This entry is a tribute to Bob Pease, who died in a single car automobile accident on June 18, 2011. He was two years ahead of me at MIT, graduating in the class of 1961 (I was class of 1963). Like me, he studied electrical engineering, and he lived in the Baker house dormitory. Nevertheless, I don't recall ever meeting him at MIT. To see a larger version of the image, just click on it (and in most browsers, click again to enlarge it). Then return here with the "Back" button. Note 1
It's unusual for me to write a blog entry about someone I've never met. But in the 90s, I corresponded with Bob from time to time, and I have a file containing many of these letters. Most of the ones I still have were actual paper letters, not e-mail.
Let me give a very brief profile of Bob for those readers who know nothing about him. While not known outside the electrical engineering community, Bob was probably one of the best-known analog design engineers in the world, spending most of his career at National Semiconductor. You can see a more complete biography on the National Semiconductor website, entitled "Remembering Bob Pease". That site notes, "During his 33-year career at National, Bob received 21 patents and designed more than 20 integrated circuits."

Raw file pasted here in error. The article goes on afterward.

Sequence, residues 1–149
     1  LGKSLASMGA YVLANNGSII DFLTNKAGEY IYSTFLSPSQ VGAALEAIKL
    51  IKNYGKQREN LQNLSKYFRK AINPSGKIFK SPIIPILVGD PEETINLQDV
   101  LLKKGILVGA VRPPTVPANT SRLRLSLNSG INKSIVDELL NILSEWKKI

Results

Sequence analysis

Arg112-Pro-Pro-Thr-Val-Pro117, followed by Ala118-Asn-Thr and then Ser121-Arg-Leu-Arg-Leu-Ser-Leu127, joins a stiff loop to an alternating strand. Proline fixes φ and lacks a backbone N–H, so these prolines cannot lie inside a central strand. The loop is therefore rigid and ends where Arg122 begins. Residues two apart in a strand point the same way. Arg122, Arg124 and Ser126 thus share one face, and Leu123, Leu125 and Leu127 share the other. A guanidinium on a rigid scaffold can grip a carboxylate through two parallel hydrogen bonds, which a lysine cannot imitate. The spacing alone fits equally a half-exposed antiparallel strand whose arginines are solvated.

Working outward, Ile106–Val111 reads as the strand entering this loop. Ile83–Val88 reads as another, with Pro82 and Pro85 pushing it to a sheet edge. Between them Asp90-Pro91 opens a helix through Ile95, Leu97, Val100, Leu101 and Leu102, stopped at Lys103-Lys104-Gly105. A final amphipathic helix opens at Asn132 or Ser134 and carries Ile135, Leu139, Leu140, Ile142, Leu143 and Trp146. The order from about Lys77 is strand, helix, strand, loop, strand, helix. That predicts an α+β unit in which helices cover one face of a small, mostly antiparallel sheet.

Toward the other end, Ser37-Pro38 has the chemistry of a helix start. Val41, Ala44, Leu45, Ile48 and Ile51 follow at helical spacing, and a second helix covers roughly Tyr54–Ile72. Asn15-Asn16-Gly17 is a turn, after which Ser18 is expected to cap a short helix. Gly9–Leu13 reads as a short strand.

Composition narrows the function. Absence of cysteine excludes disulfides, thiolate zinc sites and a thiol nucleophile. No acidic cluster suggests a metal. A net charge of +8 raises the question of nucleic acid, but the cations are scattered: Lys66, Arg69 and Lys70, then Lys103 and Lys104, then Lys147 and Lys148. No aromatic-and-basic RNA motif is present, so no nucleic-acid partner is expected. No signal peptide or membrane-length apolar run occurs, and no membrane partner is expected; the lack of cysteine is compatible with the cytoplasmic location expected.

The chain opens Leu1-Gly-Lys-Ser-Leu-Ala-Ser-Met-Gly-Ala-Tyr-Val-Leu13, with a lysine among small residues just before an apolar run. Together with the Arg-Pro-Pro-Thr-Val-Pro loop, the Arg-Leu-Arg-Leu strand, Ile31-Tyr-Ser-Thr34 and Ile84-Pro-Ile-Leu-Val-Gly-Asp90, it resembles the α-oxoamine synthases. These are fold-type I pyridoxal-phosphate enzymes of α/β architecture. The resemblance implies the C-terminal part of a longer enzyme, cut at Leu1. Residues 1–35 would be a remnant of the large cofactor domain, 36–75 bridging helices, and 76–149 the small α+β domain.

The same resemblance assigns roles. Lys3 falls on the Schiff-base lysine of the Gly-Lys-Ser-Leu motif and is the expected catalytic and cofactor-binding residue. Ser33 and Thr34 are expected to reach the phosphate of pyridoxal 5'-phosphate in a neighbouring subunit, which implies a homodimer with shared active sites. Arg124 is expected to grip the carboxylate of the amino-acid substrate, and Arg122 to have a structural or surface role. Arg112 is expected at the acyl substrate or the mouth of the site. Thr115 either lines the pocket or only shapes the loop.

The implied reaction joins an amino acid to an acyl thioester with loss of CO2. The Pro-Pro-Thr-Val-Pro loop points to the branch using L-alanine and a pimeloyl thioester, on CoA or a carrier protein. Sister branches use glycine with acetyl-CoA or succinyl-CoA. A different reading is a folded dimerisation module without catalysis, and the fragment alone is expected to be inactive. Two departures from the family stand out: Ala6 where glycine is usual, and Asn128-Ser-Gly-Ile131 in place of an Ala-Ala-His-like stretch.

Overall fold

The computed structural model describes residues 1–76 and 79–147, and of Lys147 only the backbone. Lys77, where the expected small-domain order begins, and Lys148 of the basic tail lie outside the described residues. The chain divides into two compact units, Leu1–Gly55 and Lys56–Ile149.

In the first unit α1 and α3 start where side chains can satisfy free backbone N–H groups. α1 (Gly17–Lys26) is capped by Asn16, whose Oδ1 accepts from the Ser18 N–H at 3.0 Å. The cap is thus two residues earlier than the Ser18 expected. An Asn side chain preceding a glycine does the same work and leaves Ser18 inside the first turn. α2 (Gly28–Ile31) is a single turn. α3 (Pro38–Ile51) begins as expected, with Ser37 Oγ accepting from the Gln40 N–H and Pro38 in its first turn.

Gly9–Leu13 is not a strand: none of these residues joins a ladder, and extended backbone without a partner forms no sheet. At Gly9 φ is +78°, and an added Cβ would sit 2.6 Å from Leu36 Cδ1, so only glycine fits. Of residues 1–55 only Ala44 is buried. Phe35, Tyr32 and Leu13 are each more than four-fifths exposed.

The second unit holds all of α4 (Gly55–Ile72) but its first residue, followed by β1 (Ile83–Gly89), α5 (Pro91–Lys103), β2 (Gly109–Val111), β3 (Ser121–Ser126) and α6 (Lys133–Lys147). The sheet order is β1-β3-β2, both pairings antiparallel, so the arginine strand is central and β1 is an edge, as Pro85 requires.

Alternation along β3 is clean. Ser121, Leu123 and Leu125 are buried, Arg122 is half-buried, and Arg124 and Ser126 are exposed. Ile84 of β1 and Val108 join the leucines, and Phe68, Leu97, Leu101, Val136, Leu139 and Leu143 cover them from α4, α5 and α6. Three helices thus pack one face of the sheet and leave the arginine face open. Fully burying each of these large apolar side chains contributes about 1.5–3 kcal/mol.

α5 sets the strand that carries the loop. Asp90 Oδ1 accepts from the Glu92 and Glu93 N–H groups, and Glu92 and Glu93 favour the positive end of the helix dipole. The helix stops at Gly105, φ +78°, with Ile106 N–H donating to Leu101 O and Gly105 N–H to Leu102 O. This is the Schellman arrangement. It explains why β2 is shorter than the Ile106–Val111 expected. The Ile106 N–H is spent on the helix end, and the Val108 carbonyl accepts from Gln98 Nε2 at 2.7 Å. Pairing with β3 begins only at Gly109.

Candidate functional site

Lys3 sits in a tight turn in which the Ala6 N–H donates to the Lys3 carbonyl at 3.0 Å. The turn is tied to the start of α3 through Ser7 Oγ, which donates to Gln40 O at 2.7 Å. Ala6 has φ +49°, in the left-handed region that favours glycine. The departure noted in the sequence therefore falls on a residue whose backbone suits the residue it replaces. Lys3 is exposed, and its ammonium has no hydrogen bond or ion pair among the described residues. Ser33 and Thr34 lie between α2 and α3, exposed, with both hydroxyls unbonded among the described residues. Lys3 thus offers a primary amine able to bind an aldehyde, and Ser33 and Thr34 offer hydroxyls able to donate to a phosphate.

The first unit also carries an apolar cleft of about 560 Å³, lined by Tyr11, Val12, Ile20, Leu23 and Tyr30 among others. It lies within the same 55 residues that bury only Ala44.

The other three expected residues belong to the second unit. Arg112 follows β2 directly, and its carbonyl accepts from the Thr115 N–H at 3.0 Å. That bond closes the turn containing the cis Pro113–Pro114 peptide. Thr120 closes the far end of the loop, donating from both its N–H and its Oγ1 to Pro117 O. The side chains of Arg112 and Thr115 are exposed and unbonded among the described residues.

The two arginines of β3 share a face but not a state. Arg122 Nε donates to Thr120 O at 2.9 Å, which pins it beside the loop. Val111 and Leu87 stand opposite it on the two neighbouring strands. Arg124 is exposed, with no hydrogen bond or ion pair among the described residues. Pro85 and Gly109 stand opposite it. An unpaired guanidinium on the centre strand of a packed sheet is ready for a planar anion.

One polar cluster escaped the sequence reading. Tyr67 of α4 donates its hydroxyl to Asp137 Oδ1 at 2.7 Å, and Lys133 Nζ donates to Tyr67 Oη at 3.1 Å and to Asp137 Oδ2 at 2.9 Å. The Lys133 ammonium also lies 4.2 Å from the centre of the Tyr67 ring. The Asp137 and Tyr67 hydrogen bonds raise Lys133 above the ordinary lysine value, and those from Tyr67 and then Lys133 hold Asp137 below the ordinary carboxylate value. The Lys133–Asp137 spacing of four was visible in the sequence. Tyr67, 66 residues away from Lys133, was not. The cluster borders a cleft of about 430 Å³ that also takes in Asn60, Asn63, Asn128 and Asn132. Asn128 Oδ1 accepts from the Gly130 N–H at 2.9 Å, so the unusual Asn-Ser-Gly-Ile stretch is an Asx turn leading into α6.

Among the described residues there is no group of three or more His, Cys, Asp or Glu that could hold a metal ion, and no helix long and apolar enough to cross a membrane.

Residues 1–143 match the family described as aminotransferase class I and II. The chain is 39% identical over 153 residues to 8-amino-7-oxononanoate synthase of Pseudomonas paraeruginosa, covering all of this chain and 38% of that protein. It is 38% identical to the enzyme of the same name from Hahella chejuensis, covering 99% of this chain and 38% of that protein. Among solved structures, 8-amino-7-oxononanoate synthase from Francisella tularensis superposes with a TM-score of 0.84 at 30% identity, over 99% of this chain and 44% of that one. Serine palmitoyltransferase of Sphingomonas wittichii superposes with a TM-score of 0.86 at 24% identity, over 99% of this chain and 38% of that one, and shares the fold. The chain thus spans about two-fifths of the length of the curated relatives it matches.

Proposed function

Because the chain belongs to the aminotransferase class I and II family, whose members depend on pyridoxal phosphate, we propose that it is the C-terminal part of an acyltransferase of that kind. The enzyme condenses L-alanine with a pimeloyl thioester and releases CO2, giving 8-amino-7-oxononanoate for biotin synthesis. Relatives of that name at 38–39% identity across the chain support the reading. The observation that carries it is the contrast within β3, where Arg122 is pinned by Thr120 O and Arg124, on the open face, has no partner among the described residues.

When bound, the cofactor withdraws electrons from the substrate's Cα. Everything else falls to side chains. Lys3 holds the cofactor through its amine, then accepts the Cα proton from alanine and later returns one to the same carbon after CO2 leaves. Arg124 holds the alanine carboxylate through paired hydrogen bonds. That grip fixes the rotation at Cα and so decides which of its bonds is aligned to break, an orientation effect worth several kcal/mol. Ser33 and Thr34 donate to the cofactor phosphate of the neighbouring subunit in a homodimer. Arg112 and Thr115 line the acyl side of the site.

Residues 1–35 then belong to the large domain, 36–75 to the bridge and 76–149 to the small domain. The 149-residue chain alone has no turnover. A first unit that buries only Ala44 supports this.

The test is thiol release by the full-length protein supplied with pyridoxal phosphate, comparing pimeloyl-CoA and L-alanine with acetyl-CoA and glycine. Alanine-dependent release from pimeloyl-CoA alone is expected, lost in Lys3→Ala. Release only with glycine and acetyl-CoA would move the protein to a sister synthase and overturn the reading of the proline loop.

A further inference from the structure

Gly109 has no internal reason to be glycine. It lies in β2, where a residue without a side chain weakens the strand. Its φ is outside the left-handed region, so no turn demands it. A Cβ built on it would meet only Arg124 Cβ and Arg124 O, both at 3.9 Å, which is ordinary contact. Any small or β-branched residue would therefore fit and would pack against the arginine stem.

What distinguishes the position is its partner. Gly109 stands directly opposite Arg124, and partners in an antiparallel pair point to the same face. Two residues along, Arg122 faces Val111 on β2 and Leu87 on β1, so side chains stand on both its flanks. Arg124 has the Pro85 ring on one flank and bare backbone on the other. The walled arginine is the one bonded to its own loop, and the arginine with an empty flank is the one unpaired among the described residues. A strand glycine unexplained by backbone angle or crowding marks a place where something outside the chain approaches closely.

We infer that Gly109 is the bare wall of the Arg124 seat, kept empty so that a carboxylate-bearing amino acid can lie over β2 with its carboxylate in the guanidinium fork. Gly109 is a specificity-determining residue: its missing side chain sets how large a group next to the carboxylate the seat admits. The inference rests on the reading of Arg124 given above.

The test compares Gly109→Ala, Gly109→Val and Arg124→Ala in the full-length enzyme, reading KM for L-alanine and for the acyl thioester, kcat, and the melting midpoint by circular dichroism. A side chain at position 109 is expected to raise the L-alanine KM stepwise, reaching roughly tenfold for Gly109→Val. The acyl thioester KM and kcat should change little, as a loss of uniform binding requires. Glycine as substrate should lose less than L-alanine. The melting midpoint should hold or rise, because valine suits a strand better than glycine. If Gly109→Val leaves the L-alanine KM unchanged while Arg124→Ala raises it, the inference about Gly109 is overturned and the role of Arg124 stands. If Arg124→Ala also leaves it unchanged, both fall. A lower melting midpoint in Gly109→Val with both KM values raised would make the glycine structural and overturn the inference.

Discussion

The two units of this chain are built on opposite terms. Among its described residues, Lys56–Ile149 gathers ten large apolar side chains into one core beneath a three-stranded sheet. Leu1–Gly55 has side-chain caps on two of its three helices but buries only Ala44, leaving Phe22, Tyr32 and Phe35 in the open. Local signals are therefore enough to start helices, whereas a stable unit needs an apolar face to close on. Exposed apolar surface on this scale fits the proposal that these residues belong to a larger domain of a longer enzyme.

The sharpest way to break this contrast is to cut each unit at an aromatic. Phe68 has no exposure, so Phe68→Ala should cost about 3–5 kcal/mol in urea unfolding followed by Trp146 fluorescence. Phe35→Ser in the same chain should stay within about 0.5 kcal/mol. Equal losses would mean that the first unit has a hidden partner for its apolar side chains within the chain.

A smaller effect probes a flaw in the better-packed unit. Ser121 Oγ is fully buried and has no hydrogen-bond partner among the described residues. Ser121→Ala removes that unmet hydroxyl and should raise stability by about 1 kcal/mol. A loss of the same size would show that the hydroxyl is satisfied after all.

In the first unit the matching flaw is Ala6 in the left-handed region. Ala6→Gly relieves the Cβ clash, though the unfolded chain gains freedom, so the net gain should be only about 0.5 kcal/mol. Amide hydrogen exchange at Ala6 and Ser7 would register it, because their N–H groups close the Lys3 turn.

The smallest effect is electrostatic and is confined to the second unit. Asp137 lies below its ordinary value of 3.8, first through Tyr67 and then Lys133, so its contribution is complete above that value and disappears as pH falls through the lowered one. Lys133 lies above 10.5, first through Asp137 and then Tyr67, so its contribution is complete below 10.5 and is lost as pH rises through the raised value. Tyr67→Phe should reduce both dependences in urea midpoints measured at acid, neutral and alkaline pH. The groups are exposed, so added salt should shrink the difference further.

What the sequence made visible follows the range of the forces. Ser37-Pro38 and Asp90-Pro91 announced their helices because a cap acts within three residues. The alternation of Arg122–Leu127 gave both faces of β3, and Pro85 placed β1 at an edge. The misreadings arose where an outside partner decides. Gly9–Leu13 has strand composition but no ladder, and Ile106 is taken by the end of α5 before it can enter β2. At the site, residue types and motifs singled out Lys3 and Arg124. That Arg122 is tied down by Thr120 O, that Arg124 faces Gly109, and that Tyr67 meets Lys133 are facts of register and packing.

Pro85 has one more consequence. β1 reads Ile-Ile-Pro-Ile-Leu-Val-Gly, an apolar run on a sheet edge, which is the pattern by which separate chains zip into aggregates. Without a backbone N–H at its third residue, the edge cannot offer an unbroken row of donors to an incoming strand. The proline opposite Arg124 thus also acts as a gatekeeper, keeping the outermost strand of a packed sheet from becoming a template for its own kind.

His obituary in the Los Angeles Times notes, "A San Francisco resident known for his brilliant mind, eccentric personality and flowing white beard, Pease worked for 33 years as an analog chip designer at National Semiconductor Corp. in nearby Santa Clara. Among his most important designs were a temperature-voltage frequency converter taken on medical research expeditions to Mt. Everest, a seismic pre-amplifier chip to gauge lunar ground tremors on NASA's Apollo missions to the moon and the LM337 negative voltage regulator. ... In addition to well-regarded scientific volumes such as Troubleshooting Analog Circuits, Pease also wrote "Pease Porridge," a regular column for Electronic Design magazine."
It was his long-running "Pease Porridge" column that first brought him to my attention, and which made him known to so many electrical engineers. In February of 1991, I wrote him a letter about one of his columns (correcting his Yiddish, actually). I got back his response (right), scrawled in his sloppy script on a copy of my letter. To see a larger, more readable copy of the entire letter, just click on it (and in most browsers, click again to enlarge it). Then return here with the "Back" button. Note 2